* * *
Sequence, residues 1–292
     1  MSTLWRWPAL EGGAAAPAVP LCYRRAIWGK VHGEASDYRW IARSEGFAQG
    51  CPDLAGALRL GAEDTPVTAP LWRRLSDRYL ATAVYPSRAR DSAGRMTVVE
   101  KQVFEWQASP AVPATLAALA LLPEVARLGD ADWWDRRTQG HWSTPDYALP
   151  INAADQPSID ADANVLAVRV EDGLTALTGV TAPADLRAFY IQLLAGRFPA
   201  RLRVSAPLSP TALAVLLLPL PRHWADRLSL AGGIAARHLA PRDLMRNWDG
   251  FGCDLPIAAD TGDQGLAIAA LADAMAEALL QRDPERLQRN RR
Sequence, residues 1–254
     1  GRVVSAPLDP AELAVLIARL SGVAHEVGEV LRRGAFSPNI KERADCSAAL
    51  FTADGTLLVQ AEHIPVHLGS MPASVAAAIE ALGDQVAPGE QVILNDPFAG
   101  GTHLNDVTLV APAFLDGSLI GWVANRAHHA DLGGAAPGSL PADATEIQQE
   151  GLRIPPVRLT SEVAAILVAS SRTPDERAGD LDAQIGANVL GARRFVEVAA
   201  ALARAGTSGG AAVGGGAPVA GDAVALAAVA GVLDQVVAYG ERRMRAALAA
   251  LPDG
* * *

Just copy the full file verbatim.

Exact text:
Sequence, residues 1–292
     1  MSTLWRWPAL EGGAAAPAVP LCYRRAIWGK VHGEASDYRW IARSEGFAQG
    51  CPDLAGALRL GAEDTPVTAP LWRRLSDRYL ATAVYPSRAR DSAGRMTVVE
   101  KQVFEWQASP AVPATLAALA LLPEVARLGD ADWWDRRTQG HWSTPDYALP
   151  INAADQPSID ADANVLAVRV EDGLTALTGV TAPADLRAFY IQLLAGRFPA
   201  RLRVSAPLSP TALAVLLLPL PRHWADRLSL AGGIAARHLA PRDLMRNWDG
   251  FGCDLPIAAD TGDQGLAIAA LADAMAEALL QRDPERLQRN RR
Sequence, residues 1–254
     1  GRVVSAPLDP AELAVLIARL SGVAHEVGEV LRRGAFSPNI KERADCSAAL
    51  FTADGTLLVQ AEHIPVHLGS MPASVAAAIE ALGDQVAPGE QVILNDPFAG
   101  GTHLNDVTLV APAFLDGSLI GWVANRAHHA DLGGAAPGSL PADATEIQQE
   151  GLRIPPVRLT SEVAAILVAS SRTPDERAGD LDAQIGANVL GARRFVEVAA
   201  ALARAGTSGG AAVGGGAPVA GDAVALAAVA GVLDQVVAYG ERRMRAALAA
   251  LPDG